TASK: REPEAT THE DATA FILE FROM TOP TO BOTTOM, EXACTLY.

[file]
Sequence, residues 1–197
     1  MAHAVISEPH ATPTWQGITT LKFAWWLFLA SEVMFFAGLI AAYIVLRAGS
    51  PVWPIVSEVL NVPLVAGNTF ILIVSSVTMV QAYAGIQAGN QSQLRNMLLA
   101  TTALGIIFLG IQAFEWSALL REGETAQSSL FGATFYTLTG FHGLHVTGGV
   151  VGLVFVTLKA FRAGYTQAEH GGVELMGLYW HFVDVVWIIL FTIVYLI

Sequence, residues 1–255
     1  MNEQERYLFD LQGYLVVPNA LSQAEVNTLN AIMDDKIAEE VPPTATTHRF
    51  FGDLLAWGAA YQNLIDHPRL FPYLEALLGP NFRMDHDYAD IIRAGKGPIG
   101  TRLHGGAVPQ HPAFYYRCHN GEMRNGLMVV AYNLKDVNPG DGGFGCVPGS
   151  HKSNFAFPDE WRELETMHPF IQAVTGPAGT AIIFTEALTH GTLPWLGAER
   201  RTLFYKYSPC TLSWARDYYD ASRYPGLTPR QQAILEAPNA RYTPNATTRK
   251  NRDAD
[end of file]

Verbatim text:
Sequence, residues 1–197
     1  MAHAVISEPH ATPTWQGITT LKFAWWLFLA SEVMFFAGLI AAYIVLRAGS
    51  PVWPIVSEVL NVPLVAGNTF ILIVSSVTMV QAYAGIQAGN QSQLRNMLLA
   101  TTALGIIFLG IQAFEWSALL REGETAQSSL FGATFYTLTG FHGLHVTGGV
   151  VGLVFVTLKA FRAGYTQAEH GGVELMGLYW HFVDVVWIIL FTIVYLI

Sequence, residues 1–255
     1  MNEQERYLFD LQGYLVVPNA LSQAEVNTLN AIMDDKIAEE VPPTATTHRF
    51  FGDLLAWGAA YQNLIDHPRL FPYLEALLGP NFRMDHDYAD IIRAGKGPIG
   101  TRLHGGAVPQ HPAFYYRCHN GEMRNGLMVV AYNLKDVNPG DGGFGCVPGS
   151  HKSNFAFPDE WRELETMHPF IQAVTGPAGT AIIFTEALTH GTLPWLGAER
   201  RTLFYKYSPC TLSWARDYYD ASRYPGLTPR QQAILEAPNA RYTPNATTRK
   251  NRDAD